In the table we see that the SPY is 16 times riskier than SHY (9.6% divided by 0.6% = 16). The risk parity portfolio tells us that in order to have the same risk in both parts of the portfolio, we should invest 16 times more in SHY than in SPY to have the same risk. It is clear that the investment in equities is much smaller than in the conventional portfolio: In a bull market, the performance of this risk parity portfolio is certainly less impressive.

So in order to achieve a yield at least equal to that of the conventional portfolio, the investor must "use margin"; that is to say, they must borrow from their broker to increase the value of their portfolio to achieve a higher yield. How much margin? It depends: the returns shown for SPY are purely indicative and particularly dynamic, and they usually do not take into account dividends and reinvestment thereof. One may ask: what is the use of a risk parity portfolio if the return is lower than desired and in addition one must go on margin to improve the theoretically expected performance?

Some advantages of this type of portfolio:

  1. In general, a diversified portfolio is better than a non-diversified portfolio.
  2. Even on margin, this portfolio is less risky than a conventional or other type of portfolio. The last 25 years shows that the margined risk parity portfolio is approximately 50% less risky than conventional portfolio. In case of market decline, this portfolio is much better protected.
  3. In the table, the term "yield" is accompanied by "expected." Indeed, the indicated yield is only a hope. It is the fruit of probability calculations (ultimately subjective), or a projection of historical behavior. In real life, we can not know exactly what will happen. Moreover, the outcome of these forecasts change frequently. The word "expected" is rather an understatement, while the word "risk" is more concrete.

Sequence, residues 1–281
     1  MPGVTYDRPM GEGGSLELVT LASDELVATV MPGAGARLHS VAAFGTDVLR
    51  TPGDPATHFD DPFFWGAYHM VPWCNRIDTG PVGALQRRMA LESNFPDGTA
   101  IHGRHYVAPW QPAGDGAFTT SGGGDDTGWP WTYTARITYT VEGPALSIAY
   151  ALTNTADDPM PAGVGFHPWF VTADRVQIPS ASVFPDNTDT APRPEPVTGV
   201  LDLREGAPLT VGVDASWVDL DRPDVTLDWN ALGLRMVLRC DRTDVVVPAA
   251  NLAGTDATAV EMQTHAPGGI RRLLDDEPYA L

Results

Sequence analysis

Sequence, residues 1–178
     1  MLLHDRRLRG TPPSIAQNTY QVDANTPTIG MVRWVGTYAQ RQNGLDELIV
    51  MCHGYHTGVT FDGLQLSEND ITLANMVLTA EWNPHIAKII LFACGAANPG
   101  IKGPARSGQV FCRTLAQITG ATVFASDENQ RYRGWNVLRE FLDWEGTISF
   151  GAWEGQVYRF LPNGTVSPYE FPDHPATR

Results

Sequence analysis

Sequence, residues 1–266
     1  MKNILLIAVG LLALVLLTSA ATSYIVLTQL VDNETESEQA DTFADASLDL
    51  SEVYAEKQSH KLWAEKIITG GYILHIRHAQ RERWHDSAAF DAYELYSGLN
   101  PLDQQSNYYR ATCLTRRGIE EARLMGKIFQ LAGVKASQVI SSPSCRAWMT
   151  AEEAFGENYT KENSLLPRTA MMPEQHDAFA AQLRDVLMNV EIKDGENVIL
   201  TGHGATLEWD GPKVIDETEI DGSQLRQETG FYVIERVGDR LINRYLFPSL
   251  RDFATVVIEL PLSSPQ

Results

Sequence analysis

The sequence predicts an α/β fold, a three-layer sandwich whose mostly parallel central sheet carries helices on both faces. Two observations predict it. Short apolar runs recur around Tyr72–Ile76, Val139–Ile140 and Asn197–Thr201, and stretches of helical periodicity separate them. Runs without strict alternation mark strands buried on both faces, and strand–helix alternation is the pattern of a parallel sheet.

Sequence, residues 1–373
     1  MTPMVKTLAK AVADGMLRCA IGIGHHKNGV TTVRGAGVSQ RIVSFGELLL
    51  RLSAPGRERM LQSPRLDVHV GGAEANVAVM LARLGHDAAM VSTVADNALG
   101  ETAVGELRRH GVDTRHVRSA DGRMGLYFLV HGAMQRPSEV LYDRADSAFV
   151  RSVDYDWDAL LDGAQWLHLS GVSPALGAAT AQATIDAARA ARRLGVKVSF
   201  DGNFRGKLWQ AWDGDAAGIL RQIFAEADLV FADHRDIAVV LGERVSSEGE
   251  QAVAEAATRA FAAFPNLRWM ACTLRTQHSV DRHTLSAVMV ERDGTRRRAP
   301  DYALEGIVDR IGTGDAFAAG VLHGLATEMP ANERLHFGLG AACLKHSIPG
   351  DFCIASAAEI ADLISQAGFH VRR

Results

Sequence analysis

The main disadvantages of the portfolio in question are:

  1. Without the margin and in a bull market, the portfolio does not yield enough to justify it.
  2. Given the great importance given to bonds, this portfolio is highly sensitive to interest rates and much less sensitive to the performance of the securities market.
  3. Using margin, for example 50%, increase costs because of the loan and the costs of commissions generated by the addition or reduction of positions.

Risk parity portfolios are however a possibility that investors should consider. Here is a strategy that may seem audacious to many because of its novelty:

  1. We build a diversified portfolio based on risk parity.
  2. When the market is up, add margin.
  3. When the market is no longer increasing but in congestion (as in the last eight months) or moving downward, remove the margin.

Such a "bold" strategy would have been highly useful for example during the market decline of 2008 and 2009.

The author

Charles K. Langford

Charles K. Langford

PhD, Fellow CSI

Charles K. Langford is President of Charles K. Langford, Inc, Portfolio Managers. He teaches portfolio management at School of Management (École des Sciences de la Gestion), University of Québec (Montréal). He is the author of 14 books on portfolio management, derivatives strategies and technical analysis.

Until 2007 he has been vice-president overlay risk management for Visconti Venosta Teaspoon Approach Management, Ltd. Until 1990 he was portfolio manager for Refco Futures (Canada) Ltd.

He has received a Bachelor degree from Université de Montréal, a Master degree and the PhD from McGill University (Montreal); he is Fellow of CSI (Canadian Securities Institute).